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Published November 15, 2012 | Published
Journal Article Open

Visualizing spacetime curvature via frame-drag vortexes and tidal tendexes. III. Quasinormal pulsations of Schwarzschild and Kerr black holes


In recent papers, we and colleagues have introduced a way to visualize the full vacuum Riemann curvature tensor using frame-drag vortex lines and their vorticities, and tidal tendex lines and their tendicities. We have also introduced the concepts of horizon vortexes and tendexes and three-dimensional vortexes and tendexes (regions on or outside the horizon where vorticities or tendicities are large). In this paper, using these concepts, we discover a number of previously unknown features of quasinormal modes of Schwarzschild and Kerr black holes. These modes can be classified by a radial quantum number n, spheroidal harmonic orders (l,m), and parity, which can be electric [(-1)^l] or magnetic [(-1)^(l+1)]. Among our discoveries are these: (i) There is a near duality between modes of the same (n,l,m): a duality in which the tendex and vortex structures of electric-parity modes are interchanged with the vortex and tendex structures (respectively) of magnetic-parity modes. (ii) This near duality is perfect for the modes' complex eigenfrequencies (which are well known to be identical) and perfect on the horizon; it is slightly broken in the equatorial plane of a nonspinning hole, and the breaking becomes greater out of the equatorial plane, and greater as the hole is spun up; but even out of the plane for fast-spinning holes, the duality is surprisingly good. (iii) Electric-parity modes can be regarded as generated by three-dimensional tendexes that stick radially out of the horizon. As these "longitudinal," near-zone tendexes rotate or oscillate, they generate longitudinal-transverse near-zone vortexes and tendexes and outgoing and ingoing gravitational waves. The ingoing waves act back on the longitudinal tendexes, driving them to slide off the horizon, which results in decay of the mode's strength. (iv) By duality, magnetic-parity modes are driven in this same manner by longitudinal, near-zone vortexes that stick out of the horizon. (v) When visualized, the three-dimensional vortexes and tendexes of a (l,m)=(2,2) mode, and also a (2,1) mode, spiral outward and backward like water from a whirling sprinkler, becoming outgoing gravitational waves. By contrast, a (2,2) mode superposed on a (2,-2) mode, has oscillating horizon vortexes or tendexes that eject three-dimensional vortexes and tendexes, which propagate outward becoming gravitational waves; and so does a (2,0) mode. (vi) For magnetic-parity modes of a Schwarzschild black hole, the perturbative frame-drag field, and hence also the perturbative vortexes and vortex lines, are strictly gauge invariant (unaffected by infinitesimal magnetic-parity changes of time slicing and spatial coordinates). (vii) We have computed the vortex and tendex structures of electric-parity modes of Schwarzschild in two very different gauges and find essentially no discernible differences in their pictorial visualizations. (viii) We have compared the vortex lines, from a numerical-relativity simulation of a black hole binary in its final ringdown stage, with the vortex lines of a (2,2) electric-parity mode of a Kerr black hole with the same spin (a/M=0.945) and find remarkably good agreement.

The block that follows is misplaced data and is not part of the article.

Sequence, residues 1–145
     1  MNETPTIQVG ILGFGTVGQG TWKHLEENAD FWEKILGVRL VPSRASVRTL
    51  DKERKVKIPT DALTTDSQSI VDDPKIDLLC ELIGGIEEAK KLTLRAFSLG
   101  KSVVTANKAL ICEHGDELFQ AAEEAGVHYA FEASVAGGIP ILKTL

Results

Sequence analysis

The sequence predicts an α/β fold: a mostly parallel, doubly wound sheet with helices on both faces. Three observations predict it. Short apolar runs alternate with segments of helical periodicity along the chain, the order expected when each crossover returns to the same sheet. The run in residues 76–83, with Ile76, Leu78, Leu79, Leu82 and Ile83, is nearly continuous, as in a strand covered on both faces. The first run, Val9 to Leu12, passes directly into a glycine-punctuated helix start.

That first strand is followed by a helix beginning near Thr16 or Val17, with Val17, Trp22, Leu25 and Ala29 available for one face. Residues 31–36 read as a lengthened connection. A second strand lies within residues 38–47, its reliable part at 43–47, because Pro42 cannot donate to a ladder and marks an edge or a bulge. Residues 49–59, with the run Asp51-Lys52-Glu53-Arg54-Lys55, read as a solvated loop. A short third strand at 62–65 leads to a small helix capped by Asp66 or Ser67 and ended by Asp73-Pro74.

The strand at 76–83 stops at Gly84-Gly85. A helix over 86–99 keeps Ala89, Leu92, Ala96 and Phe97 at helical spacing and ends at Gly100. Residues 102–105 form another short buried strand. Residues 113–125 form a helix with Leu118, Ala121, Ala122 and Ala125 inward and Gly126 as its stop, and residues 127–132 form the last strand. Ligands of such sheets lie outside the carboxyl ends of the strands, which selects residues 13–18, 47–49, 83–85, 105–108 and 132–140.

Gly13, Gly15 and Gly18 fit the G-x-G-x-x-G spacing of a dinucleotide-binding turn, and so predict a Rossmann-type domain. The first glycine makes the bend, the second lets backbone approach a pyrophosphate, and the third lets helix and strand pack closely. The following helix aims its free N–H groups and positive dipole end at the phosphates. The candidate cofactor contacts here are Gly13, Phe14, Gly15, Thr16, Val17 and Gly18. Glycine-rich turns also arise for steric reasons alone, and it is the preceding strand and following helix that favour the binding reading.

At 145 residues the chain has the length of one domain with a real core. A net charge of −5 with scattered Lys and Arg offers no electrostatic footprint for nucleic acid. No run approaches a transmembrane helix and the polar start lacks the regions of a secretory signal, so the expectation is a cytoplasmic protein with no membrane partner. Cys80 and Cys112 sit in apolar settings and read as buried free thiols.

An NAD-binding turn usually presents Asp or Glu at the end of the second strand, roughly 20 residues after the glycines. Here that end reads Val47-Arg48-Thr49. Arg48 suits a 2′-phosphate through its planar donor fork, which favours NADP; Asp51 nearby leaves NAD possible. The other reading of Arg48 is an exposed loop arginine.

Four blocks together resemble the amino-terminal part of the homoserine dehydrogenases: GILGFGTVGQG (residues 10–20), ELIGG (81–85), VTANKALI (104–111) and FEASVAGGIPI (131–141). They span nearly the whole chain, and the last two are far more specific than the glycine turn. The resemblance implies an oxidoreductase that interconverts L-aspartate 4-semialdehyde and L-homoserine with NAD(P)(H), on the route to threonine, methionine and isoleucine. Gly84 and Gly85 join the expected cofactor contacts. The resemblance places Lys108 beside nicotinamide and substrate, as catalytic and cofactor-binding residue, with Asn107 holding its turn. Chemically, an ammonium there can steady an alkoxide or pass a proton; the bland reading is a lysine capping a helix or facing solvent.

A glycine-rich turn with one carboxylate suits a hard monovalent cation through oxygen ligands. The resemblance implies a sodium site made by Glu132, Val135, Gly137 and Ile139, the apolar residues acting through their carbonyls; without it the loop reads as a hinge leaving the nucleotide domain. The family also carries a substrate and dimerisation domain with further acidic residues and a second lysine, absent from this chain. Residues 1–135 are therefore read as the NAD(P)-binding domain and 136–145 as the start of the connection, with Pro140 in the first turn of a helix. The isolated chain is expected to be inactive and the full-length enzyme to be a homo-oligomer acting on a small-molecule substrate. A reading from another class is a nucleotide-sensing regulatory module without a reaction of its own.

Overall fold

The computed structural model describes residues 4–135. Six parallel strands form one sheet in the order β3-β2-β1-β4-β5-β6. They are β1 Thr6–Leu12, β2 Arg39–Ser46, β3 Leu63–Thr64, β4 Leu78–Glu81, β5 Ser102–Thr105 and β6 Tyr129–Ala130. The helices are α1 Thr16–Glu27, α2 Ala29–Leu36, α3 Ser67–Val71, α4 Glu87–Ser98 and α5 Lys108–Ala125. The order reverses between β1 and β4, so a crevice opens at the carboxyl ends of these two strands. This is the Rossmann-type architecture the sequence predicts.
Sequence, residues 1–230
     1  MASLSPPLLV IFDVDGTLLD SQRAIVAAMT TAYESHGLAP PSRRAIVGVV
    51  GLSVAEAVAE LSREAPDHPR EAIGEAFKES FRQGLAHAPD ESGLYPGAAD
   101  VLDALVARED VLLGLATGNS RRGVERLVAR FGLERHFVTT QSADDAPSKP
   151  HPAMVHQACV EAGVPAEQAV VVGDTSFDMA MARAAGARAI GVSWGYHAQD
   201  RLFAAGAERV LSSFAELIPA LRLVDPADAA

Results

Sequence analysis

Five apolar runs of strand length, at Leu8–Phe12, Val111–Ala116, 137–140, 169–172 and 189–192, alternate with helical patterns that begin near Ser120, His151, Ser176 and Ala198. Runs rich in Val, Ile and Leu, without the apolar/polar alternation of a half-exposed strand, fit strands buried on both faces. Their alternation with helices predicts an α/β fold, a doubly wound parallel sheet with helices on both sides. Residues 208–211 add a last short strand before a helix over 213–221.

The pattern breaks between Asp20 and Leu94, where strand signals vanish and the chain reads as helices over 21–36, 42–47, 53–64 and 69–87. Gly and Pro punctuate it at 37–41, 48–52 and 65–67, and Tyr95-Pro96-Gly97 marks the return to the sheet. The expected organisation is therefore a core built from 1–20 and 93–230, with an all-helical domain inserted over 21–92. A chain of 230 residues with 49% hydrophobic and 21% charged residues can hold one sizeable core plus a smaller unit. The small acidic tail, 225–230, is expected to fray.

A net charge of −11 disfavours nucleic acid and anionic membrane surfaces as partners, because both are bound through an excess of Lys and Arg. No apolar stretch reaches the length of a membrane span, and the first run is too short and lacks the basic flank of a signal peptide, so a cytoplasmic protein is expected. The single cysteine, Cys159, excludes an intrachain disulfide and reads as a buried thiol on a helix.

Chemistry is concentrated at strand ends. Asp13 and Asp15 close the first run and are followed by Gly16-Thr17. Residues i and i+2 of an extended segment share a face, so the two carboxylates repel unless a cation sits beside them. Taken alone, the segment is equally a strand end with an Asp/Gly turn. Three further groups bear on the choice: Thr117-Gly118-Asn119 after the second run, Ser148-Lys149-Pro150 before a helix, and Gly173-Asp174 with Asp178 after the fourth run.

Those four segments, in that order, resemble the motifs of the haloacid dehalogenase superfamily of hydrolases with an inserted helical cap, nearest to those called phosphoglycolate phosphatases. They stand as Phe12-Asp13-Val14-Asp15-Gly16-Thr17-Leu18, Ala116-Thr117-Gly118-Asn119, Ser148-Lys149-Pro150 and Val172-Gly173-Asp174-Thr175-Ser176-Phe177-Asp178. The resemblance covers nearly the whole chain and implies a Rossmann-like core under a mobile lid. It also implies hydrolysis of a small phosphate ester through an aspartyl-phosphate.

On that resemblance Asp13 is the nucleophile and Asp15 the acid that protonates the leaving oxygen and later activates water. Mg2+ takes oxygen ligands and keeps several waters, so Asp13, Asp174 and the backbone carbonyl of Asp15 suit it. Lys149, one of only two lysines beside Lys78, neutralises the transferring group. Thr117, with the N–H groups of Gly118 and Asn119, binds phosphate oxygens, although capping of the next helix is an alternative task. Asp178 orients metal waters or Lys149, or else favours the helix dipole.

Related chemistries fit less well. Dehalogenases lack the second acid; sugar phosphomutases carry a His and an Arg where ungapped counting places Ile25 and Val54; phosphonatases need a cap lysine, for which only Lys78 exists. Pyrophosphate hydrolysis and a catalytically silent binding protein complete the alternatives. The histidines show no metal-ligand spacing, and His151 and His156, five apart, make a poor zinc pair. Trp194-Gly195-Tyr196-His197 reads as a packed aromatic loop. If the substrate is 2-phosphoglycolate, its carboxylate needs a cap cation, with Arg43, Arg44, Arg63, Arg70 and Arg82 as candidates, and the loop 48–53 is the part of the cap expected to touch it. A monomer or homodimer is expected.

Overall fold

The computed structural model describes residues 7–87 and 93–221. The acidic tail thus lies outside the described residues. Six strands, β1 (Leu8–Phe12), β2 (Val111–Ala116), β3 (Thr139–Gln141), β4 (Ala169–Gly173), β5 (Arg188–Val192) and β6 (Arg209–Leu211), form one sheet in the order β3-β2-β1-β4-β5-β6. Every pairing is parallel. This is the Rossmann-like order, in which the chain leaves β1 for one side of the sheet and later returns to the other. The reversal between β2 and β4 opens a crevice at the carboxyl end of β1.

Additional Information

© 2012 American Physical Society. Received 15 August 2012; published 12 November 2012. We thank John Belcher, Jeandrew Brink, and Richard Price for helpful discussions. We thank Jeff Kaplan for helpful discussions and web assistance. We thank Mark Scheel for helpful discussions and for version control assistance. A. Z. would also like to thank the National Institute for Theoretical Physics of South Africa for hosting him during a portion of this work. Some calculations in this paper were performed using the Spectral Einstein Code (SPEC) [45]. This research was supported by NSF Grants No. PHY-0960291, No. PHY-1068881 and CAREER Grant No. PHY-0956189 at Caltech, by NSF Grants No. PHY-0969111 and No. PHY-1005426 at Cornell, by NASA Grant No. NNX09AF97G at Caltech, by NASA grant No. NNX09AF96G at Cornell, and by the Sherman Fairchild Foundation at Caltech and Cornell, the Brinson Foundation at Caltech, and the David and Barbara Groce fund at Caltech.

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